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Answers needed for crime crisis

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By Christian Nascimento

In 1994 Democrats in Congress passed a bipartisan crime bill that was – at the behest of influential pastors and 10 black mayors from cities such as Denver, Cleveland, Detroit and Atlanta – written to increase policing and lock up violent criminals. The bill passed and violent crime rates plummeted in cities across the country.

Today the woke left has made criminal justice reform a centerpiece of its agenda and has recategorized America’s successful approach to crime-fighting at the end of the 20th century as a racist exercise enacted by white politicians.

Whether you believe this to be the case or not, liberal leaders in cities across the country have wholeheartedly adopted this reimagination of criminal justice where protecting people from the police is all that matters.

They have become more sympathetic to criminals than to victims of violent crime. The product of this approach speaks for itself: Police are not making arrests. Prisons are emptying. Drugs are pervasive. Shootings are so common that most are not covered by the news.

We are suffering through a spike in violent crime identical to the height of the 1990s crack epidemic and – in spite of how most Americans feel (74% say crime in 2021 is up) – liberal politicians have convinced themselves that all is well.

Just in December Philadelphia’s anti-police prosecutor, Larry Krasner, shockingly proclaimed, “Basically we don’t have a crisis of lawlessness, we don’t have a crisis of crime, we don’t have a crisis of violence and that is a category that includes gun violence.” As Philadelphia suffered its highest-recorded homicide rate in 2021, around 2,300 people were shot. Within the first 3.5 hours of 2022, the crime spree continued as 14 people were shot, 2 of them killed.

The effect of this violence reverberates far beyond the inner city. It affects the whole of the Delaware Valley. Where my family lives in Montgomery County, many of us send our children into the city for school or for field trips. Our workers commute each day for their jobs. On the weekends we travel to Philadelphia to visit friends and family, museums, cafes, restaurants and sporting events. Philadelphia serves as the main artery to our area, and the infection of crime and violence affects all of us.

And what keeps Philadelphia criminals from making their way to Montgomery County and other counties bordering the city? Nothing. It’s only a matter of time before criminals with nothing to lose pursue targets outside of Philadelphia as city residents flee to the suburbs.

Government leaders’ denial of violent crime and refusal to prosecute criminals is particularly appalling if you are a survivor of violent crime or the family of victims who did not survive.

On Feb. 27, 1996 I was the victim of a violent incident that occurred in Chester. While having dinner with friends one evening, two men entered the restaurant with guns and robbed each patron. Our pockets were emptied. Guns were held to our heads. We were forced to the ground. None of us knew whether we would walk out of the building alive. It’s a night I still replay quite often, especially as I raise my four young children.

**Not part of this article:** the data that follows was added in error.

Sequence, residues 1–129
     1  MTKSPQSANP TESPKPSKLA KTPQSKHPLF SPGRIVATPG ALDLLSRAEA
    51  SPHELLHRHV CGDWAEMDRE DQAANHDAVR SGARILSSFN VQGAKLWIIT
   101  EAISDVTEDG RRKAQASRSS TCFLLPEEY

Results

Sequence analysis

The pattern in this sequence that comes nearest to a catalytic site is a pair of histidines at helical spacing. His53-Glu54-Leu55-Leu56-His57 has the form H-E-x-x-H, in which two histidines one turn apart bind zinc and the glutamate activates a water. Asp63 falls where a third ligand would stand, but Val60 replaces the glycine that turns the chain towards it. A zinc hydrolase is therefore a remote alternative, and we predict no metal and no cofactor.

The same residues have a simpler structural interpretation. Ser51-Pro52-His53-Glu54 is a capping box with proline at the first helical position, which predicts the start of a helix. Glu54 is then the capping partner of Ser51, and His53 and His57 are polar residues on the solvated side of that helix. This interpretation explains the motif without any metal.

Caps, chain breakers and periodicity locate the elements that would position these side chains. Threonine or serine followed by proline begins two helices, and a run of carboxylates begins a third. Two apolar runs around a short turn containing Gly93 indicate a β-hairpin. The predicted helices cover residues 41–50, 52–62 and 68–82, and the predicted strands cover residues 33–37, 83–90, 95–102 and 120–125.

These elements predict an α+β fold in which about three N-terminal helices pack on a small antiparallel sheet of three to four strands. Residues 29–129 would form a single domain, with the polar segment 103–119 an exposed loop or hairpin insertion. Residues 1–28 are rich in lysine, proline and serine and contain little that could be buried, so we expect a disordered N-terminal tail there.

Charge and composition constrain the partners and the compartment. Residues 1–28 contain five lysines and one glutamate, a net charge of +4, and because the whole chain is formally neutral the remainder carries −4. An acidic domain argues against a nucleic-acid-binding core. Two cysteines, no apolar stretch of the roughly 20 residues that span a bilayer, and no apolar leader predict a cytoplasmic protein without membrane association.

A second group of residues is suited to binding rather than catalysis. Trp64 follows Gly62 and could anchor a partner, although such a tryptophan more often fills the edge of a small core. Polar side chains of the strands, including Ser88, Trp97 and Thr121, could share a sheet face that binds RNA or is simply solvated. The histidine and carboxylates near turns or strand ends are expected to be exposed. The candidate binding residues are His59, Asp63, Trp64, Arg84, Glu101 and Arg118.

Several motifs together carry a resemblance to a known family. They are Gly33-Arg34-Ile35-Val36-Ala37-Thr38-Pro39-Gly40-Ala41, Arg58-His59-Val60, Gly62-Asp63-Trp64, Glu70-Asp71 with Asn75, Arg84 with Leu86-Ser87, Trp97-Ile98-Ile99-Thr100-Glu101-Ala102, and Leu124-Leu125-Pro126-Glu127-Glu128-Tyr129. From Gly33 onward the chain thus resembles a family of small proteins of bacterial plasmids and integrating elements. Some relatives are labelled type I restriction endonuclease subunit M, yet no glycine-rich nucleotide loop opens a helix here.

This feeling is terrifying. It’s a feeling I hope no one ever has to endure. But far too many people do suffer this horror every single day. And too many people do not escape with their lives as I did.

The men who robbed us were caught and arrested. I’m not at all confident that would be the case today – unless you’re Lady Gaga or a member of Congress.

Just like in the mid 1990s, we are staring down another real crisis of crime. If we want to put a stop to the drugs, to the violence, to the fear we face today, I believe we must look to the past for examples of what’s made our streets safe and our communities more prosperous:
• We must increase funding for our police, put more officers on the ground, allow them to do their job, and enforce our laws.

• Criminals must be taken off the streets and sent to prison when they break the law. This does not start with murder, but rather with crimes that degrade our communities and encourage an environment of criminality.

• Repeat offenders must face tougher sentencing and get locked up longer without options for quick and/or early release.

• We must put an end to the misguided belief that violent criminals must be protected from the police instead of the other way around.

• We must step up recruitment efforts for correctional officers as well as increase the pay and benefits for those who serve in these roles and are often outnumbered by prisoners 3-1.

Most people on both sides of the political aisle understand that punishing criminals makes communities safer. Most also understand that when violent criminals are not held accountable for their actions by police, no one is safe.

Former Philadelphia Mayor Michael Nutter succinctly summed up the job of Philly’s top cop to radio host Dom Giordano last month following Krasner’s tone-deaf remarks about the city’s murder rate:

“You’re the district attorney. The job is prosecution and justice.”

Well said. ••
Christian Nascimento is a candidate for Congress in the 4th Congressional District, which would include Bustleton and Pine Valley if a Commonwealth Court-selected map becomes law. A first-generation American, he was born and raised in Montgomery County and resides there with his wife and four children. He is a graduate of Villanova University and Widener University, and serves on Widener’s Board of Trustees. He is a technology and product executive, and previously served as the president of the Methacton School Board.

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